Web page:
Progress without pollution?

Jason Lally, writing intern
October 20, 2004
man sitting by coffee and water
Emily Wiley

Brian Dempsey discusses water pollution issues and the construction of I-99.

An environmental chemist by training, Brian Dempsey, professor of civil and environmental engineering, received degrees in both chemistry and interdisciplinary science as an undergraduate at the State University of New York, Brockport. Soon after graduation, he traveled to Honduras with the Peace Corps, where he developed a passion for teaching, which compelled him to seek additional science training in an applied field of expertise.

After completing his M.S. and Ph.D. in environmental chemistry, Dempsey pledged to devote his understanding of science to impact environmental development. He worked with the city of Durham, North Carolina, as a sanitary engineer before moving on to appointments at Johns Hopkins University and the University of Missouri-Rolla. In 1986, he arrived at Penn State, ready to teach and train a new generation of engineers.

Dempsey's expertise in water quality led to concern for recent developments along the new 1-99 corridor which runs through central Pennsylvania. The development of I-99 has created an unforeseen acid runoff problem that is polluting nearby streams and other water sources. As part of the curriculum in his honors level undergraduate course, Introduction to Environmental Engineering, Dempsey introduces students firsthand to sampling techniques which take flow and concentration level readings of metals in the environment. Furthermore, the students are learning to identify acid runoff in each segment of the stream. Such results will provide the class with a baseline for monitoring the situation along I-99. It is also useful work for the many interest groups and engineers closely watching I-99 development.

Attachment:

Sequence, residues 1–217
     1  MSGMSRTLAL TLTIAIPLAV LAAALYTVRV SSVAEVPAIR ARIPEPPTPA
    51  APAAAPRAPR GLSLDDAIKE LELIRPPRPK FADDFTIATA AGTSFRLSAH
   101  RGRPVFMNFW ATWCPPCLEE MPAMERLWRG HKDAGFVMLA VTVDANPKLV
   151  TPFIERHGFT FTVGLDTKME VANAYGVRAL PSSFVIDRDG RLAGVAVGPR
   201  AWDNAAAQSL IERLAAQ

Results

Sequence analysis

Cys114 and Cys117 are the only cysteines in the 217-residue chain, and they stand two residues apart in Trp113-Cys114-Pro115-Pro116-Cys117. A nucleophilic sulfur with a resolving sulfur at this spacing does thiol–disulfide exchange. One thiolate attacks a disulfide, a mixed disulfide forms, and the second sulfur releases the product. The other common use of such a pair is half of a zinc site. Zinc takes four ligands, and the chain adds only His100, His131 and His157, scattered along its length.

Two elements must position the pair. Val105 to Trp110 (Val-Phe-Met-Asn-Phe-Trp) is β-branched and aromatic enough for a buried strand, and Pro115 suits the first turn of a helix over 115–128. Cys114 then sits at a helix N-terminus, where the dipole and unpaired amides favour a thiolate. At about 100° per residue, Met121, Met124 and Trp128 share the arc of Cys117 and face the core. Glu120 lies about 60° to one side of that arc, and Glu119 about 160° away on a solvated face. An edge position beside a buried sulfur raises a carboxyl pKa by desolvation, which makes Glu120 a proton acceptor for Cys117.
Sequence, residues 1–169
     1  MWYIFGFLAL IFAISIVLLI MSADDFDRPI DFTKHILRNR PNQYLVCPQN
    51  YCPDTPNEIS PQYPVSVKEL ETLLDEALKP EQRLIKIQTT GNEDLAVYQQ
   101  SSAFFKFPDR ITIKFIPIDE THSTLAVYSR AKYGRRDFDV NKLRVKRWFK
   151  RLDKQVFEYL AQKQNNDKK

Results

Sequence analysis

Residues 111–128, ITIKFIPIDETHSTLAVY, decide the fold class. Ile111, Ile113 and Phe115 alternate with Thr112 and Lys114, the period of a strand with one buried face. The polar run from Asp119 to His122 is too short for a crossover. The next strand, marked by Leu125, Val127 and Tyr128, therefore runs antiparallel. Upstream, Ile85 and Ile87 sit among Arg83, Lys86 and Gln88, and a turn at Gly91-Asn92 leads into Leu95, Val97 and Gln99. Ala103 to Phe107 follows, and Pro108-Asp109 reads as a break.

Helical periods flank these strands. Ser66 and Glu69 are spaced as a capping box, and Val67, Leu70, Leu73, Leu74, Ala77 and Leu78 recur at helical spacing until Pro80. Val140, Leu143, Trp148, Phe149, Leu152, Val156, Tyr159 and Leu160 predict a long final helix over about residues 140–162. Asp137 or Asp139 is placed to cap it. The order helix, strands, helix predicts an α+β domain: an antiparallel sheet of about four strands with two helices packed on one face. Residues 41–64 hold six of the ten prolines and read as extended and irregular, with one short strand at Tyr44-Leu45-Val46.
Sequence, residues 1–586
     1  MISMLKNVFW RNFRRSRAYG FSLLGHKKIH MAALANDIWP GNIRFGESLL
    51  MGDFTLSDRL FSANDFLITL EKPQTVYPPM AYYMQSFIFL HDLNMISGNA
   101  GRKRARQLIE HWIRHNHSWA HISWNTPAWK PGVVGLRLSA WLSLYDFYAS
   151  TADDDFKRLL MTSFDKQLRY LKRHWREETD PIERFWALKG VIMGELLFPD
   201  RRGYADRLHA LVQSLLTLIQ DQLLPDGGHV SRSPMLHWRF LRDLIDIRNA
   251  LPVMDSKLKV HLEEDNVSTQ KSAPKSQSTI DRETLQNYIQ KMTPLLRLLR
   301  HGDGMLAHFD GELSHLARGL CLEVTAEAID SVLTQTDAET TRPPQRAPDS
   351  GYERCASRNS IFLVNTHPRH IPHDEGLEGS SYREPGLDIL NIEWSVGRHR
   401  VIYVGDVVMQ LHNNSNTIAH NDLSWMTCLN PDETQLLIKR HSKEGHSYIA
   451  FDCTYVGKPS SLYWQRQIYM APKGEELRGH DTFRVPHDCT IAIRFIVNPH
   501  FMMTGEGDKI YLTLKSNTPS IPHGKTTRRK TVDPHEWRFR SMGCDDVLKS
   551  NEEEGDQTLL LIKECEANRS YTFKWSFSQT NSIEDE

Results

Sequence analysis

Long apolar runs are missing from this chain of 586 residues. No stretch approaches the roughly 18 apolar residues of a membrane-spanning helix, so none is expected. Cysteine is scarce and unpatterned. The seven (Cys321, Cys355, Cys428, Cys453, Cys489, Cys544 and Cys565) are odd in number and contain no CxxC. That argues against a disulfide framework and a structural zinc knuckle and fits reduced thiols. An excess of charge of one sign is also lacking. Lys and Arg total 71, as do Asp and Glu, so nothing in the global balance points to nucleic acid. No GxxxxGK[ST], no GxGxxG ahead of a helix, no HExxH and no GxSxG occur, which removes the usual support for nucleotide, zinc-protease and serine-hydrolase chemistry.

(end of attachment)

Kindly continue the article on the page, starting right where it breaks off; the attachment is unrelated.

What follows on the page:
map and mineral from construction site
Emily Rowlands

Dempsey showed a map of I-99 and a reactive mineral found at the site.

Individual responsibility coupled with effective government policy can decrease pollution while development continues, Dempsey says. He also believes "there is a real increase in green or sustainable engineering, and this is a good thing." He added that such paradigms in engineering will aid in abetting the need to clean up our pollution messes by adding forethought and planning into the development process.

As a scientist practitioner, Dempsey brings a unique perspective to the broader questions of development and pollution. He examines the effects of acid runoff as a chemist, applies solutions to problems as an engineer, and considers the broader impacts of his work as an informed citizen and academic.

Brian Dempsey, Ph.D., is professor of civil and environmental engineering in the College of Engineering, 114 Sackett Building, University Park, PA 16801; 814-865-1226; Jason Lally,, is an undergraduate student in the School of Information Sciences and Technology. He is a member of the Research Unplugged Committee.

Last Updated October 20, 2004